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N-terminus-Wikipedia

N-terminus

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Start of a polypeptide

A

tetrapeptide

(example:

Val

Gly

Ser

Ala

) with green highlighted N-terminal α-amino acid (example: L-

valine

) and blue marked C-terminal α-amino acid (example: L-

alanine

). This tetrapeptide could be encoded by the mRNA sequence 5′-

GUU

GGU

AGU

GCU

-3′.

The N-terminus (also known as the amino-terminus, NH2-terminus, N-terminal end or amine-terminus) is the start of a

protein

or

polypeptide

referring to the free

amine

group (-NH2) located at the end of a polypeptide. Within a peptide, the amine group is bonded to another

carboxylic

group in a protein to make it a chain, but since the end amino acid of a protein is only connected at the carboxy- end, the remaining free amine group is called the N-terminus. By convention, peptide sequences are written N-terminus to

C-terminus

, left to right (in

LTR writing systems

).

[1]

This correlates the

translation

direction to the text direction (because when a protein is translated from

messenger RNA

, it is created from N-terminus to C-terminus – amino acids are added to the carboxyl end).

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Chemistry[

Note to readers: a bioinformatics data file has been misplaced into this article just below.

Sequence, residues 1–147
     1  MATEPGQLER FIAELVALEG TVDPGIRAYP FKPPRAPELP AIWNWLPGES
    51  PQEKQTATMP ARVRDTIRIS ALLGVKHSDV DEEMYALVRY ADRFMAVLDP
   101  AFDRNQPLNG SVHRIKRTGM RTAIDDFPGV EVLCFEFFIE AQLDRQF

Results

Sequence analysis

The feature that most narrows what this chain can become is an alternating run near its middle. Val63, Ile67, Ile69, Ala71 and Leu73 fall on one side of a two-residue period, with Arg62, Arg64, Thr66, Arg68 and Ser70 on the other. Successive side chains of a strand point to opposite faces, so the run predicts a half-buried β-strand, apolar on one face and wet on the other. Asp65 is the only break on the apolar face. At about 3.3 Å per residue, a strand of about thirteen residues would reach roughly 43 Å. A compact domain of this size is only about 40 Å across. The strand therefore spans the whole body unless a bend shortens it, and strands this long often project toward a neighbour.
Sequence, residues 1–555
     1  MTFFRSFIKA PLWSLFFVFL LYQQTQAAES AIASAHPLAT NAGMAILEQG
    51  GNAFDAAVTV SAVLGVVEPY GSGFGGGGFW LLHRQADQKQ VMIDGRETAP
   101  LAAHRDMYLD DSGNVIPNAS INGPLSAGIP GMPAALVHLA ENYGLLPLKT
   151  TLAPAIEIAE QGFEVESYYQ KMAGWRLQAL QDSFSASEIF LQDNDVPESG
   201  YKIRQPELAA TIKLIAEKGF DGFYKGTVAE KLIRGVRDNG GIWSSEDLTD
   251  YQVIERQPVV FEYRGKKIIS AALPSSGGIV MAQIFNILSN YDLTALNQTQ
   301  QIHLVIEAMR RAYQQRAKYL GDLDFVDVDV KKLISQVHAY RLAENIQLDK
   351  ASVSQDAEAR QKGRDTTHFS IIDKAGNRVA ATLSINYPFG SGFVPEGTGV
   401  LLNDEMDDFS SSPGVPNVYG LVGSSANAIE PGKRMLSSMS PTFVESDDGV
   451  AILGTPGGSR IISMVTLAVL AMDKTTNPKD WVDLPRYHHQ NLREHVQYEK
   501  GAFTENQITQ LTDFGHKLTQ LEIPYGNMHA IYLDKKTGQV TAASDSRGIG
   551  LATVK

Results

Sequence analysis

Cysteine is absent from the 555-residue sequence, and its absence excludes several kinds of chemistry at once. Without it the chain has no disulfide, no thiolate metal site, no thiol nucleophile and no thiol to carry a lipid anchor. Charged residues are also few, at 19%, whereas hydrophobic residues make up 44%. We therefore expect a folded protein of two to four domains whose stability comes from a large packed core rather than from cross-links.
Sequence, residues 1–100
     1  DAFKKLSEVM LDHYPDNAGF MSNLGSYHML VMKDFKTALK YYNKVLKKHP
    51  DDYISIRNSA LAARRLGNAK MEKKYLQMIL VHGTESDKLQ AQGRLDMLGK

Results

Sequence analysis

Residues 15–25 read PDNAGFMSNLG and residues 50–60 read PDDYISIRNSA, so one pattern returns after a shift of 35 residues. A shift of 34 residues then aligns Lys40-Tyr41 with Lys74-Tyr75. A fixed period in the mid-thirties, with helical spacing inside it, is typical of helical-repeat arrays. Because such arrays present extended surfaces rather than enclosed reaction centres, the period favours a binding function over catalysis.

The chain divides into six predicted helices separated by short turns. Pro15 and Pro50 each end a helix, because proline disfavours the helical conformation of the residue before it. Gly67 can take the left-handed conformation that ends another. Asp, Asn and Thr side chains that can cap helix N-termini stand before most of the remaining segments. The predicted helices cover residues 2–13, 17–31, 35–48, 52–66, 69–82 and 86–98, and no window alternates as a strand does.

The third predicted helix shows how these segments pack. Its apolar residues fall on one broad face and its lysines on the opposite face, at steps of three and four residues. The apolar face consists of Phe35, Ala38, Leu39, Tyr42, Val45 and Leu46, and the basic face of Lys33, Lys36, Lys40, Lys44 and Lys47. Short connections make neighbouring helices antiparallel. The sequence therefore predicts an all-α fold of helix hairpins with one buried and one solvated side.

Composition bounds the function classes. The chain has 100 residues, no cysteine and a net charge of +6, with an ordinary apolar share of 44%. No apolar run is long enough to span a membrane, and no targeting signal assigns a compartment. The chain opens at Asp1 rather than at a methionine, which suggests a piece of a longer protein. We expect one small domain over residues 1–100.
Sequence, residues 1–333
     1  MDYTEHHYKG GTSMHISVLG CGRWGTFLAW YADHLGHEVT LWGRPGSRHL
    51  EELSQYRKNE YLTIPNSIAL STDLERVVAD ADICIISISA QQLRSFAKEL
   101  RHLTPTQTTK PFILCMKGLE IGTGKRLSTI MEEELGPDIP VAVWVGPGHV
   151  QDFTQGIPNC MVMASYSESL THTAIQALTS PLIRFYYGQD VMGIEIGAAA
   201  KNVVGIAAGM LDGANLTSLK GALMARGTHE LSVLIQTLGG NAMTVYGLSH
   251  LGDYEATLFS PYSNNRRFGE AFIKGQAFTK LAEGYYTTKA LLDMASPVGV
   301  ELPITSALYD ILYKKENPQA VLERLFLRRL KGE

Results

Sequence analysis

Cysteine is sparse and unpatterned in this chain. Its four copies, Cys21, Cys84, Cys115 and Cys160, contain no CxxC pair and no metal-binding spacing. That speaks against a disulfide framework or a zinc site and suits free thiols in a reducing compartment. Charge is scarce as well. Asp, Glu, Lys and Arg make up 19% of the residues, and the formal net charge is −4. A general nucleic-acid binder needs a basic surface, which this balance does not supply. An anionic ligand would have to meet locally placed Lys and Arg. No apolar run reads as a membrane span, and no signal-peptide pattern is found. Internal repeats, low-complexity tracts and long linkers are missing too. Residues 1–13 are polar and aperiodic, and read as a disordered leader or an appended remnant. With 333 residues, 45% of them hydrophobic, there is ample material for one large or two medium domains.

edit

]

Each amino acid has an

amine

group and a

carboxylic group

. Amino acids link to one another by

peptide bonds

which form through a

dehydration reaction

that joins the carboxyl group of one amino acid to the

amine

group of the next in a head-to-tail manner to form a

polypeptide

chain. The chain has two ends – an amine group, the N-terminus, and an unbound carboxyl group, the

C-terminus

.

[2]

When a protein is

translated

from

messenger RNA

, it is created from N-terminus to C-terminus. The amino end of an amino acid (on a charged

tRNA

) during the elongation stage of translation, attaches to the carboxyl end of the growing chain. Since the

start codon

of the

genetic code

codes for the amino acid

methionine

, most protein sequences start with a

methionine

(or, in bacteria,

mitochondria

and

chloroplasts

, the modified version

N-formylmethionine

, fMet). However, some proteins are modified

posttranslationally

, for example, by cleavage from a

protein precursor

, and therefore may have different amino acids at their N-terminus.

Function[

edit

]

N-terminal targeting signals[

edit

]

The N-terminus is the first part of the protein that exits the

ribosome

during

protein biosynthesis

. It often contains

signal peptide

sequences, “intracellular

postal codes

” that direct delivery of the protein to the proper

organelle

. The signal peptide is typically removed at the destination by a signal

peptidase

. The N-terminal amino acid of a protein is an important determinant of its half-life (likelihood of being degraded). This is called the

N-end rule

.

Signal peptide[

edit

]

The N-terminal signal peptide is recognized by the

signal recognition particle

(SRP) and results in the targeting of the protein to the